Summary: In today's lesson, the prologue of Christ's revelation shows just hat the Book of Revelation was revealed for witness, which results in blessing.
Today, I am starting a new series of messages. It is called, “Christ’s Message to the Seven Churches,” and it is based on the first three chapters of the Book of Revelation.
These chapters deal with Christ’s message to seven churches that were located in Asia (in modern western Turkey). These churches existed in a time of growing cultural opposition, religious intolerance, and doctrinal error. And each church received a message from Christ to remain steadfast and faithful.
The reason I am preaching this series is twofold. First, for many years I have wanted to study and teach Christ’s message to the seven churches of Asia.
And second, by studying Revelation 1-3 we shall see what Christ’s priorities are for his church today. Noted commentator, John Stott, writes, “Although these letters were written by John, it is claimed that they were given him directly by the ascended and glorified Christ. Although their message is related to the specific situations of those churches, it expresses concerns which apply to all churches. By praise and censure, by warning and exhortation, Christ reveals what he wants his church to be like in all places and at all times.”
Let’s read the prologue of Christ’s revelation in Revelation 1:1-3:
1 The revelation of Jesus Christ, which God gave him to show to his servants the things that must soon take place. He made it known by sending his angel to his servant John, 2 who bore witness to the word of God and to the testimony of Jesus Christ, even to all that he saw. 3 Blessed is the one who reads aloud the words of this prophecy, and blessed are those who hear, and who keep what is written in it, for the time is near. (Revelation 1:1-3)
Imagine yourself sitting in a theatre. You are chatting quietly with your companion, and there is a low buzz of voices throughout the theatre. Everyone is sitting in expectation. Then the lights dim, and the chatter quiets down. The theatre lights are extinguished, and the music begins playing, softly at first, but building and swelling. As the music reaches a crescendo, the curtains are rapidly drawn aside. You and everyone gasp at the brightly-lit stage. There is an extremely impressive figure standing in the very center of the stage. He begins to speak in a clear and authoritative voice, telling the audience what is about to happen.
The Book of Revelation is the last book in the Bible, and it is a difficult book to understand. John Stott writes:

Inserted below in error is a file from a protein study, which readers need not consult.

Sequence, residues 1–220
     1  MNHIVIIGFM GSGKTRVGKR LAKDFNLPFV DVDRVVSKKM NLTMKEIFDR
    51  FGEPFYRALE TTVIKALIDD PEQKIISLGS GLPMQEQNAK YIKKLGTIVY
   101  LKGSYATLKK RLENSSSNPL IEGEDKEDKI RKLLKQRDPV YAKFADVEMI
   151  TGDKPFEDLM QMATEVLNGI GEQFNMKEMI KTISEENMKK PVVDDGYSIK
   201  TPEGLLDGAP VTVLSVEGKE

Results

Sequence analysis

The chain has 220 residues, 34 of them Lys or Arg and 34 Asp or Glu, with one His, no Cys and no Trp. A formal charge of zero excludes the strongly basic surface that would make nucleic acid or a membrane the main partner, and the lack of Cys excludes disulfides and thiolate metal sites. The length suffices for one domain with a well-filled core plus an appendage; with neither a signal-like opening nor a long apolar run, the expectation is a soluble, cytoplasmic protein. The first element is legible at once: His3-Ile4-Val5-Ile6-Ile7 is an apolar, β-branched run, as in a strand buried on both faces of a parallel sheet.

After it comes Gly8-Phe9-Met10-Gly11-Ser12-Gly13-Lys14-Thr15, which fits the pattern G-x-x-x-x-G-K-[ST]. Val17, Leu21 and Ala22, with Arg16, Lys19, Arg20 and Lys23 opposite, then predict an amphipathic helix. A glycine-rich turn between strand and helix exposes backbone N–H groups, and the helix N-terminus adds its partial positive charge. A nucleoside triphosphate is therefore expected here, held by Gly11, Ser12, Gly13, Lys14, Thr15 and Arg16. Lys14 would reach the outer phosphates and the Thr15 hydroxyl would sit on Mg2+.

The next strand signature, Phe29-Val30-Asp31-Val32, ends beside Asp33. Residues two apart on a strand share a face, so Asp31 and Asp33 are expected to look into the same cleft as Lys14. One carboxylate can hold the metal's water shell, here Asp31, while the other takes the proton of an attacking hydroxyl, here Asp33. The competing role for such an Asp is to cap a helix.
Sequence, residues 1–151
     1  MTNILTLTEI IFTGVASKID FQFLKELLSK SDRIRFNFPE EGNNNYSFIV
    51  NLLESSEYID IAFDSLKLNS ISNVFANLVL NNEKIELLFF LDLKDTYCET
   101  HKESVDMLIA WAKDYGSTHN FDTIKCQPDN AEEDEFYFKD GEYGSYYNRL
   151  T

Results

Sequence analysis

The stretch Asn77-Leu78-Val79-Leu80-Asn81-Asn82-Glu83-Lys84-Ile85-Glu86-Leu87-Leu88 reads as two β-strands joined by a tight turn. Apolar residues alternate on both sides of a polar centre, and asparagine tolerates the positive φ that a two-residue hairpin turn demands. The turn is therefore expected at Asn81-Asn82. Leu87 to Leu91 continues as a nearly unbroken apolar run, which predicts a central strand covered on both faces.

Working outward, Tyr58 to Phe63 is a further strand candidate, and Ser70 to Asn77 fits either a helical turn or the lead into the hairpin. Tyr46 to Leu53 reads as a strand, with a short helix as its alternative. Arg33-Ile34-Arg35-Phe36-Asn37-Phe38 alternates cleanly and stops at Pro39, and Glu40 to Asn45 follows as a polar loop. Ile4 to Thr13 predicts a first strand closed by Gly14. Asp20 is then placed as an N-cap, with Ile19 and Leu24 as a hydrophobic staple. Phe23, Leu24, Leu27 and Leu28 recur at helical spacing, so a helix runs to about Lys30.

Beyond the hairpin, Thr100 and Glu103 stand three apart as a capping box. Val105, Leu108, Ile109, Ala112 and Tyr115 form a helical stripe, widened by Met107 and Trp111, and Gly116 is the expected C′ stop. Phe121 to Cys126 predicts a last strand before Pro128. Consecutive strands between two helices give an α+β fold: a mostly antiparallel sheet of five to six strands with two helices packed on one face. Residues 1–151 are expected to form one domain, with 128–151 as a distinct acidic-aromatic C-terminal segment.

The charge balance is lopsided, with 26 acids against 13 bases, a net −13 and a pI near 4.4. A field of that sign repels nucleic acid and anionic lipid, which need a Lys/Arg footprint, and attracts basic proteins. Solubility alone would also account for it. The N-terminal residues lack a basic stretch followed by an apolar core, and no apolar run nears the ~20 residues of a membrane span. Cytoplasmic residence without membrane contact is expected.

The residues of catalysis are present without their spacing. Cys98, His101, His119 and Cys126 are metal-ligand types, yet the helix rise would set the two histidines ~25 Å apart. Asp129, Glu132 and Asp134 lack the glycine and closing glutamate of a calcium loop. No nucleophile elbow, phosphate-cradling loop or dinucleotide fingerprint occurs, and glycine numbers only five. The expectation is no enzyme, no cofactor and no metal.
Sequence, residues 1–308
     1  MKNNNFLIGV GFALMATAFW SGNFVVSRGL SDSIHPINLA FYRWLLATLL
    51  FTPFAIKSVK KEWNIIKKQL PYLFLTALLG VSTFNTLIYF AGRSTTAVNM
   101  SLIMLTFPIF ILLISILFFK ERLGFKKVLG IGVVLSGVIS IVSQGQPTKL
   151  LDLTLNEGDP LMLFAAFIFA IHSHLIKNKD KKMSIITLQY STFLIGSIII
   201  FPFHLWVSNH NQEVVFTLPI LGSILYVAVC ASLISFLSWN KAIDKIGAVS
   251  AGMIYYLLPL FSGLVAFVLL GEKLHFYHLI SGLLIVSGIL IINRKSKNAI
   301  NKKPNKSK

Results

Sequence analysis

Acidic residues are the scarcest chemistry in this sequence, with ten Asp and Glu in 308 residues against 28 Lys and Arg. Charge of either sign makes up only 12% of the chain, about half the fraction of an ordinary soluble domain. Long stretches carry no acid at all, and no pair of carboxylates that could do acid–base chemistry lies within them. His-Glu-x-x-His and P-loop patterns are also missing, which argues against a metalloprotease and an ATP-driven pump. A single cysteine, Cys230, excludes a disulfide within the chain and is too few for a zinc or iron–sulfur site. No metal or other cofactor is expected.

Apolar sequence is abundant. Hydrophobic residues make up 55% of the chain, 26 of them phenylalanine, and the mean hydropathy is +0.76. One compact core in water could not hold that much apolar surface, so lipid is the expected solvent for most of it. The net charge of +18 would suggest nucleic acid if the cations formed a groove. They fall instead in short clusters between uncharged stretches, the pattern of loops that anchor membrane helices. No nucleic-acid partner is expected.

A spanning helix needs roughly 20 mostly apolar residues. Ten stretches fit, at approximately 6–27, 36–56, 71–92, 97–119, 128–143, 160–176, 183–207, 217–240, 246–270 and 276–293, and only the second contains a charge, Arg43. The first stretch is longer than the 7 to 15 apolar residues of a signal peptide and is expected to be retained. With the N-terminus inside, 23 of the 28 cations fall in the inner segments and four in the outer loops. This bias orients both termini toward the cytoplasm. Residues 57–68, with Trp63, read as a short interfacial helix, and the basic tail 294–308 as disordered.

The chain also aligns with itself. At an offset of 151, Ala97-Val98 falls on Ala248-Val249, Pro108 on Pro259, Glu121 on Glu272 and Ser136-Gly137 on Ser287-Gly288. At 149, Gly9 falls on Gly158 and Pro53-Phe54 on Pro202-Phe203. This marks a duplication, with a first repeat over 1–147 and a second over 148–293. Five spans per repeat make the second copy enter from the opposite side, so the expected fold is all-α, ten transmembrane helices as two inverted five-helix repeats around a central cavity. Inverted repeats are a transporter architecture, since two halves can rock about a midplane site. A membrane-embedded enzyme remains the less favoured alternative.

Many Christians fight shy of the Book of Revelation. It seems to them well-nigh incomprehensible. They are perhaps skeptical of some fanciful interpretations they have heard, and cannot easily accustom themselves to the book’s bizarre imagery. . . . The whole book appears at first sight to contain a chaotic profusion of weird and mysterious visions.
However, the fact is that the Book of Revelation is God’s word to his people. The opening of the book is like the opening of a play. Jesus is the ascended and glorified Christ who speaks to his servant John and tells him – and us – what he wants us to know about how to live and worship and serve in a hostile world.
In today’s lesson, the prologue of Christ’s revelation shows us that the Book of Revelation was revealed for witness, which results in blessing.
Let’s use the following outline:
1. The Nature of the Book (1:1a)
2. The Subject of the Book (1:1b)
3. The Purpose of the Book (1:1c)
4. The Writer of the Book (1:1d)
5. The Witness of the Book (1:2)
6. The Blessing of the Book (1:3)
I. The Nature of the Book (1:1a)
First, let’s look at the nature of the book.
The Book of Revelation opens with these words, “The revelation of Jesus Christ” (1:1a). The first word in the book is “revelation” (apocalypse), and a transliteration of the Greek word is “apocalypse.” The word “apocalyptic” has come to refer to violent and catastrophic events, such as natural disasters (earthquakes, floods, volcanoes) or major horrible human actions (genocide, war, holocaust). One commentator said, “In the author’s day [revelation] simply meant the removal of a cover from something hidden, and so an unveiling of that which is concealed, as when a portrait is unveiled by pulling back a curtain (or even doing the same to reveal a stage on which a drama is about to be played).”
So, the Book of Revelation is an apocalyptic book. That is, it is a book that reveals or unveils God’s truth to his people.
The Book of Revelation is also a prophetic book. Revelation 1:3a says, “Blessed is the one who reads aloud the words of this prophecy.” It is not so much a book about fore-telling the future, although that certainly does take place in the book. It is, rather a book about forth-telling. That is, it is God’s word for his people in their own day.